Russia accused over police violence
A Council of Europe panel on Tuesday asked Russia to stop submitting suspects in police custody to ill-treatment following allegations of electric shocks, punches and other use of force that could be considered as amounting to torture.
Published after visits to several Russian "places of deprivation of liberty" in 2012, a report by the European Committee for the Prevention of Torture and Inhuman or Degrading Treatment or Punishment (CPT) highlighted allegations of "extensive beating and asphyxiation with a plastic bag".
"In Moscow and Saint Petersburg, most of the detained persons interviewed had no complaints about the manner in which they were treated by law enforcement officials," the CPT report said.
However, there were "some allegations of recent physical ill-treatment by members of law enforcement agencies in both cities".
The alleged ill-treatment -- consisting mainly of punches, kicks and baton blows -- mostly happened at the time of arrest by plain clothes officers, it was claimed in the report.
"In several cases, the officers apparently did not identify themselves as members of law enforcement agencies until they were inside their vehicle."
In one instance, "the severity of the ill-treatment alleged was such that it could be considered as amounting to torture (i.e. extensive beating and asphyxiation with a plastic bag)".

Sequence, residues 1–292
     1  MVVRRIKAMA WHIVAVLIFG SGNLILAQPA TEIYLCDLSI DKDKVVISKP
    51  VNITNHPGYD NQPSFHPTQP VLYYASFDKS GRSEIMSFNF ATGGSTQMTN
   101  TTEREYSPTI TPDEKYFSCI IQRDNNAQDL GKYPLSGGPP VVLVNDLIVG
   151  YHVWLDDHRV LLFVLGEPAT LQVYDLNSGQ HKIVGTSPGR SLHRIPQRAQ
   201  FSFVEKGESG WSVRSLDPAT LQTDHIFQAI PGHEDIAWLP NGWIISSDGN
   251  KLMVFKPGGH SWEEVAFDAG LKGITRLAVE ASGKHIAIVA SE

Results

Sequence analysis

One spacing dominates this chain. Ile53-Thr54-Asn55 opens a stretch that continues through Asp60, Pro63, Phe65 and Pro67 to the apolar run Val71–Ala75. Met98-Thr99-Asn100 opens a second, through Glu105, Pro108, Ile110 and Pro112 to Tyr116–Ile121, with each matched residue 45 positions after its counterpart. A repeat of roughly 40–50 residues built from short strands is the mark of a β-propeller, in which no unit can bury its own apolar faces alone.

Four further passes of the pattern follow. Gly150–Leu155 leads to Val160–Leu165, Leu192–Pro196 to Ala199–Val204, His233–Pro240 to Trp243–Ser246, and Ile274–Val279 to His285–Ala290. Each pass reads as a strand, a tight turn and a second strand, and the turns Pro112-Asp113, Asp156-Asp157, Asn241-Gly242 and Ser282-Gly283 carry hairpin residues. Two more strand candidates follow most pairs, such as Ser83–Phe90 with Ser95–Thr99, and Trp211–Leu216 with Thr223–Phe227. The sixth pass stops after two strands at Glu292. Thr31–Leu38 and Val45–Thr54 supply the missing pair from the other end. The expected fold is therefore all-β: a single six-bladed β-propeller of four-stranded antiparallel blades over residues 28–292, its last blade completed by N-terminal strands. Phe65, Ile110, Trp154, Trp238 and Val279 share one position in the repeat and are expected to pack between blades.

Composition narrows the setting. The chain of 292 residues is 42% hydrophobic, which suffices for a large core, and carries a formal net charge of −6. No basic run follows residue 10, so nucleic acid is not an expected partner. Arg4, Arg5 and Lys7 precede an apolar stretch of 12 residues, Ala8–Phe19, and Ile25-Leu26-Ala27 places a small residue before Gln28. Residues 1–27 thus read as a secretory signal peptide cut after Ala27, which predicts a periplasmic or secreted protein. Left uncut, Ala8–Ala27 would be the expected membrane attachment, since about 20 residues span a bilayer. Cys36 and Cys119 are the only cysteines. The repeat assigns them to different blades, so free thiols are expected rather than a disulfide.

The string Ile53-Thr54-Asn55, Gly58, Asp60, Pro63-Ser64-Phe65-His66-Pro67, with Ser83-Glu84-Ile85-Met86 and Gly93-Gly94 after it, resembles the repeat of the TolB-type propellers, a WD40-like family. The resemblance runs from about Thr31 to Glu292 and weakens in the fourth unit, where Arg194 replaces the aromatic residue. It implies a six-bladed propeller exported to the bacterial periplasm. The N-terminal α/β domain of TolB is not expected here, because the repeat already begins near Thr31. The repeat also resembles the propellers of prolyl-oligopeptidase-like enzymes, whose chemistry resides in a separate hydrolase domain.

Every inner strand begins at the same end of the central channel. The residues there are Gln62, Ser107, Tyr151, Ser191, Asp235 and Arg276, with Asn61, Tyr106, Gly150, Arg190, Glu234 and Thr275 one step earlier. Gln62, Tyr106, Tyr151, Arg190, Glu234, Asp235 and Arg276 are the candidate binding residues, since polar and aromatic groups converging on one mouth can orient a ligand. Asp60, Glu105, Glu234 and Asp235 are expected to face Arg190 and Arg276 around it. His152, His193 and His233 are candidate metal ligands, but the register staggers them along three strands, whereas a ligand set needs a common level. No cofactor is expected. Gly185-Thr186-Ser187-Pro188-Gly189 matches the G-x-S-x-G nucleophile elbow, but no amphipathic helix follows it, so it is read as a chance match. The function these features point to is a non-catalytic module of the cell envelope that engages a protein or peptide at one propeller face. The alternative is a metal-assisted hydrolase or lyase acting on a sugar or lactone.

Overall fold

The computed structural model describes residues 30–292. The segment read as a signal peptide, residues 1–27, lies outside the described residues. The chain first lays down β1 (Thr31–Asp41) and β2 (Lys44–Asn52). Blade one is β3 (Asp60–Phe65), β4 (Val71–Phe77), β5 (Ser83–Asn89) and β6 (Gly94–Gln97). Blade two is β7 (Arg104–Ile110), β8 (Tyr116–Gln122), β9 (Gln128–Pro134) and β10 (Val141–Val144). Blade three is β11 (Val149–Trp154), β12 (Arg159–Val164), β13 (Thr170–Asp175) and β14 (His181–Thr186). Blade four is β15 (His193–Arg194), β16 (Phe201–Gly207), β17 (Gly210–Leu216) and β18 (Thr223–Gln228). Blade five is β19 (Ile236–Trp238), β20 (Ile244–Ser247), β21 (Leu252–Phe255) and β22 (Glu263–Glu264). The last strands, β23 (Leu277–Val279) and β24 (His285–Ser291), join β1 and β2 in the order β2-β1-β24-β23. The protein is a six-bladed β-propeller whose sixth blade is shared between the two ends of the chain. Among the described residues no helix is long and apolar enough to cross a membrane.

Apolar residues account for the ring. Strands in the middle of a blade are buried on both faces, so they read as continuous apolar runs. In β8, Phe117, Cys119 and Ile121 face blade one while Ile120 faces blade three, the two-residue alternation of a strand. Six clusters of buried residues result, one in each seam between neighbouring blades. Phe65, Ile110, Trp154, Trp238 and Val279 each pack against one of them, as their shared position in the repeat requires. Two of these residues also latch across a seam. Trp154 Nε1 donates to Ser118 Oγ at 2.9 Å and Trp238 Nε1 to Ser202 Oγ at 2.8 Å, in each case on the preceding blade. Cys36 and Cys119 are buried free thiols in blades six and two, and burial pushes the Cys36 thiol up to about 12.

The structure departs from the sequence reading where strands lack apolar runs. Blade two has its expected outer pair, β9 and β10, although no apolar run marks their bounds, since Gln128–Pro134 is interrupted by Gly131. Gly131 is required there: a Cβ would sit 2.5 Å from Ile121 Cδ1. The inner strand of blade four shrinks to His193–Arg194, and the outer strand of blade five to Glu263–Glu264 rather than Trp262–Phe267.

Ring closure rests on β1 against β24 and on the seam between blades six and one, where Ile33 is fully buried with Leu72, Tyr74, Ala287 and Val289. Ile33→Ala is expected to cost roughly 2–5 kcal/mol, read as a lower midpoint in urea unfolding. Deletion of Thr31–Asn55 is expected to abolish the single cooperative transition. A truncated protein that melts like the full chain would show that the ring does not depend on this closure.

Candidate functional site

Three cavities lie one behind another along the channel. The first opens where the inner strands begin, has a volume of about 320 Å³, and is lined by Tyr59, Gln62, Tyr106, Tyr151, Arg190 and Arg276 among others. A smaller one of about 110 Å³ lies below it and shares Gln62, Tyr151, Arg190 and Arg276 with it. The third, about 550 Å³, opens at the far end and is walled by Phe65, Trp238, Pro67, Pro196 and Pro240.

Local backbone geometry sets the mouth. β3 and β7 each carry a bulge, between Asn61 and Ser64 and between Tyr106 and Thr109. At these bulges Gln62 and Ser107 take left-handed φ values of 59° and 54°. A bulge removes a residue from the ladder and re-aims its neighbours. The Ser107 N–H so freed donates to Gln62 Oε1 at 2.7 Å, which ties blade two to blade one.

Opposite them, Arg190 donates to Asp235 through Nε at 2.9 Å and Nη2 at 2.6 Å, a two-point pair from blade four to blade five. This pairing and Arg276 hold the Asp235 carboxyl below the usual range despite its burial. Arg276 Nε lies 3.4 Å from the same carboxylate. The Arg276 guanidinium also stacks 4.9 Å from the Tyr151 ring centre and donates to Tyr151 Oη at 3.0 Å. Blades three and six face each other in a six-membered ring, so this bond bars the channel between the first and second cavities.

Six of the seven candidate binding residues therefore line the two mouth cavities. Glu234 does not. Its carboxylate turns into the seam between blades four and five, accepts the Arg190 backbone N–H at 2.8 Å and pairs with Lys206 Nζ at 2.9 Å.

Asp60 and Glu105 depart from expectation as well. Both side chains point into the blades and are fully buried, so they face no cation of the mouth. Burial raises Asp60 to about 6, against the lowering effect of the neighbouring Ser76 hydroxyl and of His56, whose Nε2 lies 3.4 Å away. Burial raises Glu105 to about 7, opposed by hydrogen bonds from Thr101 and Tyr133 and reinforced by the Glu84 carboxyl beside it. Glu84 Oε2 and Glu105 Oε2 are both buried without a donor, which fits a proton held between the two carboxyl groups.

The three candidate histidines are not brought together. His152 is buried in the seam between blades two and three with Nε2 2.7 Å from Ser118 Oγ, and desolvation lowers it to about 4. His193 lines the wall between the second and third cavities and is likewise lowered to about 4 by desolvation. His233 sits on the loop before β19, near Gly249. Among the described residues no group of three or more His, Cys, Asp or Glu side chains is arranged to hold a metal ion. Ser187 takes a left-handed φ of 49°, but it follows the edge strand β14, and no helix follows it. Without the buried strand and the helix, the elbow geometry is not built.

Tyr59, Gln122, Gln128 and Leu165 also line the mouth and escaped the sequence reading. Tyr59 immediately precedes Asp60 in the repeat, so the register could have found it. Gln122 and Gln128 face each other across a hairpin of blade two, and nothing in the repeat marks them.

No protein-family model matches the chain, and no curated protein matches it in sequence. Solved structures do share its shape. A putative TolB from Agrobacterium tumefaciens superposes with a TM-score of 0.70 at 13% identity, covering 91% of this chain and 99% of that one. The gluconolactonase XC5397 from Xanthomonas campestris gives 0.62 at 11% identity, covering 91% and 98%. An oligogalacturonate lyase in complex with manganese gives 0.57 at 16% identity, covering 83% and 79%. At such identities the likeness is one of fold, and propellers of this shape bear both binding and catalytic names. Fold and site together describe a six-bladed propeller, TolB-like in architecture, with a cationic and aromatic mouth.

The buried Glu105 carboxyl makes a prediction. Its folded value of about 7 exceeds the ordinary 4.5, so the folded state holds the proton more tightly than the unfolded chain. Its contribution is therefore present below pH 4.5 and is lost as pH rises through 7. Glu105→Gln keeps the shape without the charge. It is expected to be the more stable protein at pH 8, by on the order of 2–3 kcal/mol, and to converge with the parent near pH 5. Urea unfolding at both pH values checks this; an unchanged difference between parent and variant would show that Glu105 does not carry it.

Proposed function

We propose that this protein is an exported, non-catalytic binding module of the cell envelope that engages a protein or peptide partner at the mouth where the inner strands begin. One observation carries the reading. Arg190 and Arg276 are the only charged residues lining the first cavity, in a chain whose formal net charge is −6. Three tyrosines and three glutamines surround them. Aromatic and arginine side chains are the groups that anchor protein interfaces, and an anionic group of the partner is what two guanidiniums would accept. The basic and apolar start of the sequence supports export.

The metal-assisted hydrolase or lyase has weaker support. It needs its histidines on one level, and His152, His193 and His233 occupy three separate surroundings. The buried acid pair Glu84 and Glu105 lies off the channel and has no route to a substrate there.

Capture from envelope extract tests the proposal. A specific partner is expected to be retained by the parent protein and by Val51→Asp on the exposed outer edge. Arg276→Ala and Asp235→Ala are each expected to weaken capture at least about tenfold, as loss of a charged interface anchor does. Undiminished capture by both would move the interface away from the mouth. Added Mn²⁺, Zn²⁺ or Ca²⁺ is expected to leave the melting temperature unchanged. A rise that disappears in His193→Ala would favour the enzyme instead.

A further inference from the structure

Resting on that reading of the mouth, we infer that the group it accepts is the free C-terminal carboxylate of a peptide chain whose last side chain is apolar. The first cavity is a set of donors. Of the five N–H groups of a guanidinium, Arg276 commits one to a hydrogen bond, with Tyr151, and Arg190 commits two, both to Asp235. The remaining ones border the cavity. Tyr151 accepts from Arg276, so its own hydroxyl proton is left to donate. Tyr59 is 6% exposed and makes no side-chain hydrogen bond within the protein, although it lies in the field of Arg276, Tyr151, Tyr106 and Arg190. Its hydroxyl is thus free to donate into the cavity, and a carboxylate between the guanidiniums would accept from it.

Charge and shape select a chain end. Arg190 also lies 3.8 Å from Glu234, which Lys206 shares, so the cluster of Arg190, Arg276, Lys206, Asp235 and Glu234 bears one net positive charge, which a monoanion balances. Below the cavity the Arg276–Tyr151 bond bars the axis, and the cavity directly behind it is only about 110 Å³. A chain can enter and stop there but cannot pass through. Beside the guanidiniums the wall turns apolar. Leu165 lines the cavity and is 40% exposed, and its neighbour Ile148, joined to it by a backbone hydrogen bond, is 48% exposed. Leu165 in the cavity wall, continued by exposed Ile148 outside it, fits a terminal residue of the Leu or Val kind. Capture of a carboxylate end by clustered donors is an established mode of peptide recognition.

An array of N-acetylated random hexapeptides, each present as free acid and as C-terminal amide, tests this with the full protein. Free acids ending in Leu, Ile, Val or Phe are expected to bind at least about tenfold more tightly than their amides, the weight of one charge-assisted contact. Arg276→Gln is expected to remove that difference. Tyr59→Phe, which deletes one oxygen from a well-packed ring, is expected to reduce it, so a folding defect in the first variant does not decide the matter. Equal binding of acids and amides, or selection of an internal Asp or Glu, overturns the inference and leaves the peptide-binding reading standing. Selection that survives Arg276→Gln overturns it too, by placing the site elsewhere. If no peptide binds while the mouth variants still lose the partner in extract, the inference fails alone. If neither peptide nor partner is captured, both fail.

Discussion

The report said that during its "visit, the delegation again received allegations of corrupt practices by law enforcement officials, ... asking detained persons or their relatives for money in order to arrange release".
The CPT recommended that Russian authorities continue to deliver to all law enforcement officials, including through ongoing training, the clear message that those who abuse their position in order to obtain money or other advantages from persons deprived of their liberty or their relatives will be the subject of appropriate sanctions.
It also "stressed that, in most of the regions visited, the only law enforcement agency subject of allegations of ill-treatment was the police".
The rights experts visited facilities in Moscow; Saint Petersburg; Vladimir, a city near the Russian capital; and several western Russian republics.
In the republic of Bashkortostan, and to a lesser extent in the Vladimir region, some allegations related to the Federal Drug Control Service (FSKN) as well as, concerning the Republic of Bashkortostan, the Federal Security Service (FSB), the main successor to the Soviet KGB.
The report was only the second to be published on Russia since Moscow joined the CPT in 1998. Until early this year Russia was the only one of the 47 Council of Europe members to bar publication of CPT findings.
About 20 reports compiled after visits to Russian detention centres and police stations between 1998 and 2010 are still classified including several on Russia's troubled Caucasus republic of Chechnya, site of two separatist wars after the fall of the Soviet Union.
Chechnya still sees regular attacks on officials and security forces often blamed on Islamist insurgents.
© 2013 AFP